Quit bullying man who’s down

In response to Friday’s letter to the editor from Yvonne Kafka:

Does anyone check their sources to see if a person is actually credible before publishing their slanders of a well-respected professional human being? Just for fun, we Googled the name Yvonne Kafka, and came up with this doozy …

Dear editor,

In response to Friday’s letter to the editor from Yvonne Kafka:

Does anyone check their sources to see if a person is actually credible before publishing their slanders of a well-respected professional human being? Just for fun, we Googled the name Yvonne Kafka, and came up with this doozy …

“I am writing you from British Columbia, Canada on the Island of Vancouver. The women in B.C., Canada, have it worst. I was given a false negative three years in a row. Now I have full-blown cancer (May 7, 2008 was my last mammogram and ultrasound and it reported benign findings). The Vancouver Island Health Authority (VIHA) is doing a review, but I have been fighting for an external review. I am not the only woman who has been misdiagnosed.

“VIHA is refusing to make a proper review. This genocide of women deserves an internal review. I want the world to know Canada is not giving proper medical care to their women.

“We are dying here in B.C., Canada. Right now cancer is an epidemic on the Island. There is vast cancer research going on in regards to VIHA, and some of us women are wondering if the reason we are not diagnosed on time is so that we fall into a later stage of cancer where experimental drugs can fall into place.”

Genocide … experimental drugs?! Give me a break! And you are printing everything she says!

I also work in the X-ray department and have known Dr. Z. for 10 years. Because of patient confidentiality, of course we are not allowed to discuss specific facts around patients’ medical history.

Let me just say that not everything is always correct when a patient is recollecting their personal history. I know this from experience.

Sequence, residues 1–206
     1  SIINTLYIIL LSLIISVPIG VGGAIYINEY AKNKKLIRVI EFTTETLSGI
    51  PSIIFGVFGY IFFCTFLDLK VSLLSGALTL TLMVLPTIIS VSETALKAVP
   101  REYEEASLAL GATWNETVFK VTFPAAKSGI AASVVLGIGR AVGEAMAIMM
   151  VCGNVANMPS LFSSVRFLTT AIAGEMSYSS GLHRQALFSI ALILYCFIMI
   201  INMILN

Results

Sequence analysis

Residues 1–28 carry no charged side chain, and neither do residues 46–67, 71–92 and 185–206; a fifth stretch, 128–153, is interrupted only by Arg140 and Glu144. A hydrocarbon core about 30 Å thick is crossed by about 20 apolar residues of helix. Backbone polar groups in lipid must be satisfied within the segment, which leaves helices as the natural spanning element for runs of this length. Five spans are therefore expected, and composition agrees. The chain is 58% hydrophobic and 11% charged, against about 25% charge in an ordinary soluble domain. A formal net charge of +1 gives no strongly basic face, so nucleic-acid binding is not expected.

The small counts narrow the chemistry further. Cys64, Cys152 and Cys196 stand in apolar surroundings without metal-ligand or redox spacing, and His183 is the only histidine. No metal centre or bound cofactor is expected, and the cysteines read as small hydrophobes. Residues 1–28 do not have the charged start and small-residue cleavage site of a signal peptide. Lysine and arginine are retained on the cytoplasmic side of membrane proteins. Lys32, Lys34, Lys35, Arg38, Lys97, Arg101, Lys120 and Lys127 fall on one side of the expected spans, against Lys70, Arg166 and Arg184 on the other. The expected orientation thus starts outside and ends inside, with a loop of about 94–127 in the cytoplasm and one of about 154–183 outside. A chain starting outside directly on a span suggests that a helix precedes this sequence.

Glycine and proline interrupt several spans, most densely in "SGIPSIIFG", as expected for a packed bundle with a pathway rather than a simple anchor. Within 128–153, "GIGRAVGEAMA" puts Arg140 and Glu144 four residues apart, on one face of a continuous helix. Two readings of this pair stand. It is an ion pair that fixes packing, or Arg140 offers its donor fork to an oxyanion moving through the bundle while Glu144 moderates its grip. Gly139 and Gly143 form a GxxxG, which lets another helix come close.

Mammograms are very hard to read in certain cases and do not show the cancers 100 per cent of the time. Sure, if you find out later there is a cancer and where it is, you look back at the images again — you may be able to make something out.

But on initial screening, the majority of radiologists would not see it. It’s like those pictures with hidden things in them — once you know where to look, you can find it.

It just bothers me when someone like Yvonne Kafka is allowed to continually bully a man when he’s down.

S. Friesen,

Courtenay

Editor’s note: I personally edited Yvonne Kafka’s letter to the editor heavily before it appeared March 11 in the Comox Valley Record. I reduced it in length and removed some statements I felt were unsupported and highly inflammatory. Yet I published what I did on behalf of Yvonne Kafka and other women like her who are experiencing terrible uncertainty about their very survival due to concern that potentially fatal cancers have not been detected by hospital tests. The Record has published concerns from women and defences of radiologists by people who work with them and know them well. To the best of our ability, we will continue to present both sides of a story that potentially affects so many of our readers.

 

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